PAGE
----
Truman was, in fact, between a rock and a hard place with his unambiguous opinion, and he was irritated by the State Department’s opposition and the pressure from Zionists. The latter went so far that in the fall of 1947, Truman decided not to see one single representative of any Jewish organization concerning the Palestine question.
This was widely interpreted as Truman turning his back on the whole notion of the Jewish State, which baffled the Jewish communities all throughout the United States and Europe.
As a matter of fact, Truman had, for a long time, been tired of the pressure from the Jewish organizations, especially when they all disagreed with one another and no plan or thought from the President seemed to suit anyone. Frustrated by harsh critique from a certain Jewish organization, Truman noted at a cabinet meeting in July 1946:
Jesus Christ couldn’t please them when he was here on earth, so how could anyone expect that I would have any luck?
The Ad hoc Committee, appointed by the UN General Assembly, discussed the Palestine question throughout most of October and heard the final speeches from the Arab and Jewish representatives on October 18. Jamal Husseini, who represented the Arab Higher Committee, announced that they accepted neither the UNSCOP majority nor minority report but, instead, wanted to establish an independent, democratic Arab state covering the entire Palestinian territory. Husseini justified the Arabs’ right to Palestine by claiming that many sources mentioned that the east European Jews were originally Khazars from areas in Southern Russia and Turkey, and that, therefore, they should have nothing to do with Palestine.
In his closing speech, Chaim Weizmann, representing the Jewish Agency, underlined the 1922 resolution of the League of Nations as a foundation for the creation of a Jewish State after the British mandate. As an interesting detail, written at the end of Weizmann’s speech, was a Bible verse related to the return of the Jews (Isaiah 11:11-12):
In that day the Lord will reach out his hand a second time to reclaim the surviving remnant of his people from Assyria, from Lower Egypt, from Upper Egypt, from Cush, from Elam, from Babylonia, from Hamath and from the islands of the Mediterranean.
He will raise a banner for the nations and gather the exiles of Israel; he will assemble the scattered people of Judah from the four quarters of the earth.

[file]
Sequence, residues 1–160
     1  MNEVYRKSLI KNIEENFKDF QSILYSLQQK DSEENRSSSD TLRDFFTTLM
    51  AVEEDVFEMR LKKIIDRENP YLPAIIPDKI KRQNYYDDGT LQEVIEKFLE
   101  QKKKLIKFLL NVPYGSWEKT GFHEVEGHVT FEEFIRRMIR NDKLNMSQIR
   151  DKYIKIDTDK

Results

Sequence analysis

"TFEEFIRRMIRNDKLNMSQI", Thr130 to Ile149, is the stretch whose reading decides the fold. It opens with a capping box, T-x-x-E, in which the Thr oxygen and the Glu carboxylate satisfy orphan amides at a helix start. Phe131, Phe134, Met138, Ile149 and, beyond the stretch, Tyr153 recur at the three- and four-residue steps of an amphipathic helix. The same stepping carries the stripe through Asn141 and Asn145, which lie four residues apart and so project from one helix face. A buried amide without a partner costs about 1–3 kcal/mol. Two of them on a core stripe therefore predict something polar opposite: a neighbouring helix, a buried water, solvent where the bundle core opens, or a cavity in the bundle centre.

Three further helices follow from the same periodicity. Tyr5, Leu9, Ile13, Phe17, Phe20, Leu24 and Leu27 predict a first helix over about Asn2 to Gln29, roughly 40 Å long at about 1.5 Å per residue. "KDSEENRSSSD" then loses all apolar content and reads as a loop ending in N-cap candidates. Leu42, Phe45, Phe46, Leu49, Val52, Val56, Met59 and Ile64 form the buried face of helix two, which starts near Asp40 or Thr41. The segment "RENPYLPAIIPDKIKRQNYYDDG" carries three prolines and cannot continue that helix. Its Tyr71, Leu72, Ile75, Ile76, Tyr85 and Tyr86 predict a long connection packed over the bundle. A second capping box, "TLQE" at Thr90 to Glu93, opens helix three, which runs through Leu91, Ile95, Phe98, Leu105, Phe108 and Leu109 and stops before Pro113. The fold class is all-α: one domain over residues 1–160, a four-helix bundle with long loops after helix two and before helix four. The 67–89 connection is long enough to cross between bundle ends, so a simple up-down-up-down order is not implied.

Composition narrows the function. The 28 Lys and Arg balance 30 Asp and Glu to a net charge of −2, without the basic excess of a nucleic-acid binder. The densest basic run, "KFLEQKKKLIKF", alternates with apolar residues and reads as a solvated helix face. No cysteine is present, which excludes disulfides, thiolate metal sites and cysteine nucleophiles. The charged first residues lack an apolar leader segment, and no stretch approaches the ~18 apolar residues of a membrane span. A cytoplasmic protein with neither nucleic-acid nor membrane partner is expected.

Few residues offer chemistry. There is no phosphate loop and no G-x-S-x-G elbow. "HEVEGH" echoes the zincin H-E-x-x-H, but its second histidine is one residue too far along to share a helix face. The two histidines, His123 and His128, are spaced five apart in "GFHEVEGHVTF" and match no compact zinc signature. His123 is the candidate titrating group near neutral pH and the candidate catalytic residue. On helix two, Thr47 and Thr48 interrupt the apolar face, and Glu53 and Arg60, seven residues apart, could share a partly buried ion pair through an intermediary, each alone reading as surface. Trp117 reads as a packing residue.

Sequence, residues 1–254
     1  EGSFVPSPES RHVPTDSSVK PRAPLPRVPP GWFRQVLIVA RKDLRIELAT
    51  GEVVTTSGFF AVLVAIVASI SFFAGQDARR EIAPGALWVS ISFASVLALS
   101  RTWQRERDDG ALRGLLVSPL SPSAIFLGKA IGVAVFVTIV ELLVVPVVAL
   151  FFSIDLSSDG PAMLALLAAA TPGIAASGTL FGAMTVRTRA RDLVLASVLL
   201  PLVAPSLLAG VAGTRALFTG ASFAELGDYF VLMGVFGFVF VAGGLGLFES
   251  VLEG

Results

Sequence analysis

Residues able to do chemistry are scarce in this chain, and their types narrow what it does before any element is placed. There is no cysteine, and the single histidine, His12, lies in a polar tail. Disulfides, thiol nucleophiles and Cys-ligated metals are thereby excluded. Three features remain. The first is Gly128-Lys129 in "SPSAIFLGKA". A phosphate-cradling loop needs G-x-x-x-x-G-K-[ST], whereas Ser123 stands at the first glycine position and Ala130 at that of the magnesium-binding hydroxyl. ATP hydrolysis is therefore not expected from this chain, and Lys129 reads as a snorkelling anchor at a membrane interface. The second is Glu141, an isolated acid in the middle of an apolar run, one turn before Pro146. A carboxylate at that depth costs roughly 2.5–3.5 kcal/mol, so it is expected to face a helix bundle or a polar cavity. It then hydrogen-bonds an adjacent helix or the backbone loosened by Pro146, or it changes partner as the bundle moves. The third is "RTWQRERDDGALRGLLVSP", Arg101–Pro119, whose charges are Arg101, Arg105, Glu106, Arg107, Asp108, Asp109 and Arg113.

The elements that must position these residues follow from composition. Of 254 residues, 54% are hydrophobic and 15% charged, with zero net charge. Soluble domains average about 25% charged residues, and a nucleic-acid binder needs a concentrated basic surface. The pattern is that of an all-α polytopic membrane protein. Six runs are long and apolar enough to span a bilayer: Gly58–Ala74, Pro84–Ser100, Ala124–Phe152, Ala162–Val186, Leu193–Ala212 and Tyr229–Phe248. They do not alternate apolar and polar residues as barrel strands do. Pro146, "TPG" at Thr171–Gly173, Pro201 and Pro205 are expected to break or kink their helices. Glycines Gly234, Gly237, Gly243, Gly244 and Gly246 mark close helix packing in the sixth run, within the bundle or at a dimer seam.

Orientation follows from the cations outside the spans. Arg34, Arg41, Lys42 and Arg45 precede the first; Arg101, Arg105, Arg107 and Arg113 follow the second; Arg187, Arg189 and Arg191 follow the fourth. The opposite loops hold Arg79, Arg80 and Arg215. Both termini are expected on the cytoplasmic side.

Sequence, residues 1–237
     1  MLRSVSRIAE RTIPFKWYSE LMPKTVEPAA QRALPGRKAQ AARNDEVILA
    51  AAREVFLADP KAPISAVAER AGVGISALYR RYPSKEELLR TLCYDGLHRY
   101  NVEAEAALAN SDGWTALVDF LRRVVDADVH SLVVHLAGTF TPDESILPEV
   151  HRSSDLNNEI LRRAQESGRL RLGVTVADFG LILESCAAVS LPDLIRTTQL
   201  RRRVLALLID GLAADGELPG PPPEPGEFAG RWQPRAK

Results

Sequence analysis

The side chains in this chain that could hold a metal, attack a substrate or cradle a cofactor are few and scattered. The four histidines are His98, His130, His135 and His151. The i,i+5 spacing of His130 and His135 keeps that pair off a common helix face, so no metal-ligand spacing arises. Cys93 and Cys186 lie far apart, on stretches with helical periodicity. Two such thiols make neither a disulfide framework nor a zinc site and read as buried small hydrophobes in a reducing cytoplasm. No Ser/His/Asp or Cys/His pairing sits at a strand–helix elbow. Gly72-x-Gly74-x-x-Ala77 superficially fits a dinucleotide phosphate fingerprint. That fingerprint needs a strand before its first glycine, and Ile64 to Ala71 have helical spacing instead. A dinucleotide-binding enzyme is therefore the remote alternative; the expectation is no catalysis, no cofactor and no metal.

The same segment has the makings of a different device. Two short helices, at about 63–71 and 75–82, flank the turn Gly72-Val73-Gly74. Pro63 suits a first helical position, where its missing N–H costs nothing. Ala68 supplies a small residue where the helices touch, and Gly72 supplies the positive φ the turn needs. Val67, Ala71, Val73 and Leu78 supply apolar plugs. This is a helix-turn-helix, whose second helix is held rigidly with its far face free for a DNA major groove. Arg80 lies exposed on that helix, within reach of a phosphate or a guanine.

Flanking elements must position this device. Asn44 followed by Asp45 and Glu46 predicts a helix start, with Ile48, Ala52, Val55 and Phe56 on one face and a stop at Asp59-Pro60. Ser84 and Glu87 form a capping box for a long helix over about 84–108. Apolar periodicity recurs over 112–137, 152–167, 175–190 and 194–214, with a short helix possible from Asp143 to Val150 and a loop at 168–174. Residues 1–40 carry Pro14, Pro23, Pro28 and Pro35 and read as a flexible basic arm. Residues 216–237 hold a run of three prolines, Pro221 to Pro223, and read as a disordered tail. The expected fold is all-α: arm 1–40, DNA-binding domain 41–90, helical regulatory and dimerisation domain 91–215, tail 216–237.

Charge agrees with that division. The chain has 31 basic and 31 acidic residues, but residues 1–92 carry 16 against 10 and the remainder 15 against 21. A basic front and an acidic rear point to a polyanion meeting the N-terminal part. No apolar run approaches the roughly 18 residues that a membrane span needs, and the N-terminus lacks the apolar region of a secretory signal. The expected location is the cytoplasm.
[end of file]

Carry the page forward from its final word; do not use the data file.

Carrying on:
The opinions of the State Department and the White House on the propositions of the UNSCOP majority report were constantly different. Marshall would have been ready to give the Negev Desert to the Arabs, but Truman called the American members of the UN delegation personally and stated that in spite of the State Department’s view, the Negev needed to be a part of the Jewish State.
On November 7, Marshall wrote this memo to Truman:
The Middle East is undoubtedly in for a rocky time. In Palestine, we have a situation which is badly fouled up by the past mistakes of many people, including ourselves. These probably cannot be settled without great unpleasantness, including violence.
The further development of this situation is inevitably going to present favorable opportunities for the Russians to fish in muddy waters. These they will exploit to the limit.
But if we and the British remain united in the resolve to hold this area free of Soviet control, and agreed as to the methods for doing so, we ought to be able to weather the storm.
The point of the justifications of Marshall and the State Department had little by little shifted from the threat regarding the oil supply to the Soviet expansion efforts, about which they knew Truman was extremely concerned.
Many other countries waited to form their own opinions, in order to hear the Soviet and American views presented at the General Assembly and the Ad hoc committee which would determine how they would vote in the final decision.
Truman had ordered his trusted men to be directly in touch with the leadership of UN member states and to pressure them to vote for the partition of Palestine. Truman’s Press Secretary had written him the following note:
Palestine votes look a little better.
- We have been in touch with Liberian minister to try to get the Government’s instructions to support us.
- I think we have Haiti.
- We may get Philippines out of No and into abstention, or with luck, yes.
- Cuba still won’t play.
- Greece is uncertain but has the excuse of the Balkan Commission vote trade with Moslems.